Pose-space deformation (PSD) blends together a set of geometry examples, called pose-shapes, in a manner similar to BlendShapes. The blend weight applied to each pose-shape are automatically adjusted by PSD to interpolate between the pose-shapes as a set of driver values change. For example, with PSD a character’s bicep can be made to flex as the angle of the forearm relative to the upper arm changes. The angle increases as the forearm is brought towards the upper arm. The forearm angle is used to drive the interpolation between its rest (straight) pose-shape and a flexed pose-shape where the arm is bent. When the current pose matches that of a given pose-shape the resulting geometry will match that pose-shape’s geometry. If the current pose lies between two or more pose-shapes the resulting geometry will be a blend of their geometries.
The Pose-Space Deform SOP takes the packed primitives produced by a chain of Pose-Space Edit SOPs as its second input . Each Pose-Space Edit SOP is associated with a Stash Pose CHOP that holds drivers produced by Extract Pose Drivers SOP and transforms produced by Extract Bone Transforms SOP. The different geometry of each Pose-Space Edit SOP and its associated drives and transforms make up a pose-shape.
If the first input of the Pose-Space Deform SOP is a Null, the SOP produces a difference geometry that should be combined by addition with the input geometry using a Pose-Space Deform Combine SOP. Otherwise the result will be a pose-specific geometry. The Pose-Space Deform SOP can be placed before a Bone Deform SOP or after. Pre-deform PSD, called Rigging PSD, is used while creating the character rig and post-deform PSD, called Shot Finaling PSD, is used during animation. Rigging PSD should use drivers associated with the character’s pose while Shot Finaling PSD should use the current frame
$F or the current time
$T as the driver.
Create one PSD for each region of the geometry that needs pose-specific modifications. This an effective way reduce the overall total number of examples that need to be created.
Weighted Pose-Space Deformation
With this option bones will only drive the points they are responsible for skinning; that is the points with positive bone capture attribute weights. Weighted PSD significantly reduces the number of variations of the same example that need to be created by driving each point with its parent bones rather than with the skeleton as a whole. For example, when applying weighted PSD to a hand it is not necessary to create multiple variations for the flexion and extension of different combinations of fingers. The knuckle wrinkles are mostly independent of each other and thus only two variations for the flexion and extension of all of the fingers together need to be created. Weighted PSD is, however, computationally intensive. It will increase the time required to solve the PSD coefficients and render each frame.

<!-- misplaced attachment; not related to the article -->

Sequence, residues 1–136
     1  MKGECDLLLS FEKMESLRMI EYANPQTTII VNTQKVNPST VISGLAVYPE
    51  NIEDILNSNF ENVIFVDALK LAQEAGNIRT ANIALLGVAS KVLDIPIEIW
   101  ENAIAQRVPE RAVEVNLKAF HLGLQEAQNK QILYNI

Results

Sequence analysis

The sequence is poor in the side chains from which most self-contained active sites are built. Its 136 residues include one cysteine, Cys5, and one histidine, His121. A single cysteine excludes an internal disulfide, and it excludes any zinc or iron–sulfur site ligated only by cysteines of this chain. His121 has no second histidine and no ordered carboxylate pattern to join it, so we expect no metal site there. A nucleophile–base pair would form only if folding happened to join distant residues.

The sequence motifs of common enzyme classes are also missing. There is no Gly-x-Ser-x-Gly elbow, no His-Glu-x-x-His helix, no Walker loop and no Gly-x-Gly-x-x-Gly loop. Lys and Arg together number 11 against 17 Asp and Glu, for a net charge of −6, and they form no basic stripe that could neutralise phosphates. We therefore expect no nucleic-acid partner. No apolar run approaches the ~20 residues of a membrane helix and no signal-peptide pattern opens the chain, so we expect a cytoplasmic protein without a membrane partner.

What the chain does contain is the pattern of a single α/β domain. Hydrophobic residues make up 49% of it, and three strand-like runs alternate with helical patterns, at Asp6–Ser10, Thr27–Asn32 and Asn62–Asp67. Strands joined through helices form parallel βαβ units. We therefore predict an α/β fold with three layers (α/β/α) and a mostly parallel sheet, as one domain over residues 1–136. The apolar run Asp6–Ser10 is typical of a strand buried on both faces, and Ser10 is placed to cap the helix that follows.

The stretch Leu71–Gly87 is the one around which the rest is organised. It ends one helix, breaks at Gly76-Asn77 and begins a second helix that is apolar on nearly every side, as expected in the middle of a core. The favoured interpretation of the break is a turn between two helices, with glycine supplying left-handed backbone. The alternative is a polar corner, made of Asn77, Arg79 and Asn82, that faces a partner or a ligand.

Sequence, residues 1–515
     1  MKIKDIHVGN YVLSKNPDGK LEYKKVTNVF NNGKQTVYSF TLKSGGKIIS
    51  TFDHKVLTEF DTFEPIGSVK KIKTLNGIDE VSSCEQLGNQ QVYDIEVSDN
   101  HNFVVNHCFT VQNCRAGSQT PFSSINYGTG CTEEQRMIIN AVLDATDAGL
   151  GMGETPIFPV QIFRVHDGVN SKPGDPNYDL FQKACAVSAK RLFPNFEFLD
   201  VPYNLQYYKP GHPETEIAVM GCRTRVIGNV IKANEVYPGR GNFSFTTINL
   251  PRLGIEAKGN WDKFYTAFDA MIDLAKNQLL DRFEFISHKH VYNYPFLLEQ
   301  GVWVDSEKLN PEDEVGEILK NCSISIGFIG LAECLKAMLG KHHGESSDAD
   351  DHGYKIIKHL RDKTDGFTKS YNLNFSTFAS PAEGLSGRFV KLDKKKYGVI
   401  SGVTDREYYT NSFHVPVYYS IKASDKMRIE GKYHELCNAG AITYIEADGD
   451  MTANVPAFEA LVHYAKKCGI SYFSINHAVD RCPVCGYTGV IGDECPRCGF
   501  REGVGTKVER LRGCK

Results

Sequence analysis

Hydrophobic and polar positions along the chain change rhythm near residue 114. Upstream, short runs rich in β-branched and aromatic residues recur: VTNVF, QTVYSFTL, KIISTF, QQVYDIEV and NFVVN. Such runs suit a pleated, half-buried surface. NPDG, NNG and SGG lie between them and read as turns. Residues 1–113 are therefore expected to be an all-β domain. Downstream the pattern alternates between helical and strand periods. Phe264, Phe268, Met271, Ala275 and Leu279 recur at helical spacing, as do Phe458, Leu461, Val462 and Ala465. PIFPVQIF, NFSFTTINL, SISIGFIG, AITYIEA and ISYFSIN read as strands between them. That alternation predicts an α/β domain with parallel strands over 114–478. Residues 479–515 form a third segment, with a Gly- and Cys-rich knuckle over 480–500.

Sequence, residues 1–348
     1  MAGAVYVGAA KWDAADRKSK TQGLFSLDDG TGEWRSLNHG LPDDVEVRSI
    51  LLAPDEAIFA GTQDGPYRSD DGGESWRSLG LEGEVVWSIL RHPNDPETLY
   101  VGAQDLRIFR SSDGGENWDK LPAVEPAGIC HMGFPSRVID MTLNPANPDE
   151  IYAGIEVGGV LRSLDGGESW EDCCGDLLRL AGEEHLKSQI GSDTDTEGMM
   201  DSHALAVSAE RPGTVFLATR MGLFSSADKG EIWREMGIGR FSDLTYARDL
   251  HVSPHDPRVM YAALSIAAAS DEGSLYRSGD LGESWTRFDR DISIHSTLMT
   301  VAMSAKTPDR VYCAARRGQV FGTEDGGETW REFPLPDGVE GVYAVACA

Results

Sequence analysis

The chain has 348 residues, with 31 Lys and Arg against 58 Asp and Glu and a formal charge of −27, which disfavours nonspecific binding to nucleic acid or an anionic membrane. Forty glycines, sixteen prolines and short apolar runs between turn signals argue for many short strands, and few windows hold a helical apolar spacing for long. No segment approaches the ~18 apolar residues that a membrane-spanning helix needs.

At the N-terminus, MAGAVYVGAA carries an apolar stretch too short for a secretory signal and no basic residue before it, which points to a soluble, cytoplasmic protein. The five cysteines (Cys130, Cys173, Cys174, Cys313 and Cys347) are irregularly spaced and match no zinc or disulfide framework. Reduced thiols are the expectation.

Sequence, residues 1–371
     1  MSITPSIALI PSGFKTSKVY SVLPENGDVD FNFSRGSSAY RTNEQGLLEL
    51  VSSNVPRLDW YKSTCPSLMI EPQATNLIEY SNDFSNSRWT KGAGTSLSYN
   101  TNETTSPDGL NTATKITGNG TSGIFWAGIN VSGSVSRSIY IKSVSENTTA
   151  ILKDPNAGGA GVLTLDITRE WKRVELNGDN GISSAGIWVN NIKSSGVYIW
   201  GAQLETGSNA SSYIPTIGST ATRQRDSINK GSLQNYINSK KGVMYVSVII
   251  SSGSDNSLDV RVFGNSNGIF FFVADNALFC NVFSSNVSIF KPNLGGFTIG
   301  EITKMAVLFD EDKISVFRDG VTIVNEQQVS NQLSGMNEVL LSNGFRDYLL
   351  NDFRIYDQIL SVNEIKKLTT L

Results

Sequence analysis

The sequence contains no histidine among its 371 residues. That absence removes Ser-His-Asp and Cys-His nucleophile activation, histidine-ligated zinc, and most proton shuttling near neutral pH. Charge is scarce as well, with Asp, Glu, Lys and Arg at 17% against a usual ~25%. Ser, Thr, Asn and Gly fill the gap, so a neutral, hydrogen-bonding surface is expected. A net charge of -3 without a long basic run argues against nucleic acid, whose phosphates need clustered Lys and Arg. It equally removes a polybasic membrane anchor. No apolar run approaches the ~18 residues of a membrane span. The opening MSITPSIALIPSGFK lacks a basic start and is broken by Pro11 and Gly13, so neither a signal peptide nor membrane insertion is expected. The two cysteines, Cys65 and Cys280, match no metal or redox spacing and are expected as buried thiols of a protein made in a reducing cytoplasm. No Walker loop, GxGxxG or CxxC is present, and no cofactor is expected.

Deforms the normals to match the deformation of the points.
Deform Vector Attributes
Deforms the vector attributes to match the deformation of the points.
Vector attributes to deform.
Deform Quaternion Attributes
Deforms the quaternion attributes to match the deformation of the points.
Quaternion attributes to deform.
Allow Negative Blend-Shape Weights
Enable to allow PSD to combine negative amounts of each blend-shape example.
Extrapolate Beyond Examples
If enabled, a best fit method will be used for the extrapolation of data outside of the source inputs.
Best Possible Extrapolation
This option is only used when Extrapolate Beyond Examples is enabled. Turning this on will first maximize the interpolation using the plane of best fit, and then interpolate the remaining differences using the radial basis functions. This gives closer fits to the hyperplane method especially for kernel functions that specify a falloff. For those kernel functions, turning this option will also result in faster cooking. This option can give better results when there is high spatial correlation in the examples.
This specifies the kernel function used for the Radial Basis Functions interpolant. Different kernel functions will result in varying fits.
Specifies the exponent used for the Thin Plate kernel function. Larger values will give smoother results.
Specifies the fall off factor for the Gaussian, Multiquadric, Inverse Multiquadric, and Exponential Bump kernel functions.
Larger values will give smoother results.
Specifies the solver method used for the interpolation.
The Cholesky solver is faster but not as stable.
The SVD solver is slower but will produce the higher quality interpolations.
Specifies the damping used for the Cholesky solver. This is normally not needed unless the solver is failing. In that case, start with a very small damping value like 0.00001 for example. Then use successively larger values like 0.0001, 0.001, 0.01, etc. until the solver succeeds.
Specifies the maximum number of iterations that the SVD solver performs. If the SVD solver fails, then increase this value until the solver succeeds.